Magazine

As Cardiovascular Business enters its second decade, our team has been pondering what the magazine’s pre-teen and teen years will be like. Are we looking at dignified maturity or awkward adolescence? 

Cardiologists are receiving more exposure to different imaging modalities during their fellowships, but their job prospects and training vary widely. A more comprehensive and multimodality training approach could lead to better results.  

Concierge cardiologists report high job satisfaction along with more stable practice revenue, but experts caution specialists to learn about the differences in practice models.   

Understanding risks, policy costs and potential value can help you decide whether to invest in cyber-liability insurance.

Artificial intelligence (AI)–assisted electrophysiology (EP) shows promise, but even its most ardent advocates aren’t ready for full-fledged endorsement—yet.   

Ensuring mission and money in faculty compensation plans is a tall order for academic medical centers.

The healthcare delivery environment continues to evolve, requiring clinicians and practice executives to seek solutions that will lead to a pathway of success.

Patients want healthcare cost information, but price lists alone aren’t turning them into savvy shoppers.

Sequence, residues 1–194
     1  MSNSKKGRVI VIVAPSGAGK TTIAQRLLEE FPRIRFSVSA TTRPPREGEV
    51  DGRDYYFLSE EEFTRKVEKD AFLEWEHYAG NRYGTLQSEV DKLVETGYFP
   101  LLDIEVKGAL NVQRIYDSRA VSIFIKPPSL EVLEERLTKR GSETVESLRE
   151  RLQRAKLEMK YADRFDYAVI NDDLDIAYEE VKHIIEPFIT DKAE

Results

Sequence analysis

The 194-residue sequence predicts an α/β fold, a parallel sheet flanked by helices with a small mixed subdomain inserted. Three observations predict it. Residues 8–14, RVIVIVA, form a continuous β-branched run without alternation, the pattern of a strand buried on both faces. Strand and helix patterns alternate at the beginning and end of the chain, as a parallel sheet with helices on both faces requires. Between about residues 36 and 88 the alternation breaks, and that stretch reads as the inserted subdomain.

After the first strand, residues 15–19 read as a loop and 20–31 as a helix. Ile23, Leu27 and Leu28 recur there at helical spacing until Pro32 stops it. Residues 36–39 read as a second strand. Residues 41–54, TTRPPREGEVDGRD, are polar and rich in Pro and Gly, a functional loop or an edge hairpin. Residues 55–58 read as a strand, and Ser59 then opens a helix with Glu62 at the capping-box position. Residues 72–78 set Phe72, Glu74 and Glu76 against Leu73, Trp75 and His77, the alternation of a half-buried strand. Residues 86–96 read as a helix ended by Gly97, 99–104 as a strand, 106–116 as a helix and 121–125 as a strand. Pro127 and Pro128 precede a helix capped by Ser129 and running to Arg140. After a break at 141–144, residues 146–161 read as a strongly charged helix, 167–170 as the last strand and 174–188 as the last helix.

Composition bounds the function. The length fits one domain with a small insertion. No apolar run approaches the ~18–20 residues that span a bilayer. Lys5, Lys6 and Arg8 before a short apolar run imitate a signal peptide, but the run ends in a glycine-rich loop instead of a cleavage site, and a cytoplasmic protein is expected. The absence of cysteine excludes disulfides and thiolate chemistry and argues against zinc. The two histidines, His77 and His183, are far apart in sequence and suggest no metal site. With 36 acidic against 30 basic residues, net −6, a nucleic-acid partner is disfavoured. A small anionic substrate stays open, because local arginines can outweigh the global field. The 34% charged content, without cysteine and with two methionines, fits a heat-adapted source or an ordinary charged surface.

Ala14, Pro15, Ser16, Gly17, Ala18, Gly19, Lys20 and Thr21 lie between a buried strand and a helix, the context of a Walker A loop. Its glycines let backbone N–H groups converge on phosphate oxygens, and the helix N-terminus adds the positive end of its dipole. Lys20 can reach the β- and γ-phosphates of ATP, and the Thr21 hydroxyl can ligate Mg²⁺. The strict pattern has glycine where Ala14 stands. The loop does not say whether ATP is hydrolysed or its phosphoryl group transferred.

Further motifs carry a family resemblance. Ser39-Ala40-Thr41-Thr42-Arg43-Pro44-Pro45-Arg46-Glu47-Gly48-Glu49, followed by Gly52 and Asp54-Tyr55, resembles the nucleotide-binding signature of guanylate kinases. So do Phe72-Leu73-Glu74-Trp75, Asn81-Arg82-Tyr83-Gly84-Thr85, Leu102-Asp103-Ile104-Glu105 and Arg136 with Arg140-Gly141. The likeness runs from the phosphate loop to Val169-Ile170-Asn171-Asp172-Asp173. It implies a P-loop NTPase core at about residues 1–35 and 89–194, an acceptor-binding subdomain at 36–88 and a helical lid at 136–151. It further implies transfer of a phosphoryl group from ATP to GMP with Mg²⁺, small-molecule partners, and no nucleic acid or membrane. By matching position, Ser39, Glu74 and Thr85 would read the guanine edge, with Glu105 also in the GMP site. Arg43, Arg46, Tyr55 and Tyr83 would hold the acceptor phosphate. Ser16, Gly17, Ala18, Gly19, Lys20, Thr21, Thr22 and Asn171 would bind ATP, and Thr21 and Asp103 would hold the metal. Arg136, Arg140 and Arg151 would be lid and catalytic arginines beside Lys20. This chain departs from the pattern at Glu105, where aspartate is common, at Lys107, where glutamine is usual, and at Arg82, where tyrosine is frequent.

Conversations about compensation are among the toughest for healthcare leaders to navigate. Add accusations of gender bias, and it’s a powder keg.

Cardiology fellow Haider Warraich, MD, hopes his book about death will change how we live.

After decades of steady progress pushing back the leading cause of death and disability, cardiologists are striving to achieve the Quadruple Aim as they prepare for a tidal wave of aging patients with multiple chronic conditions. Bellwether hospitals are rethinking old systems and carving out new pathways for managing “Chronic America.”

Ask cardiologists to name the big advances of the past decade, and many point to transcatheter aortic valve replacement (TAVR) and other breakthroughs that are allowing cardiologists to treat structural heart disease with minimally invasive procedures. Looking ahead, some believe that even bigger, broader changes are coming.

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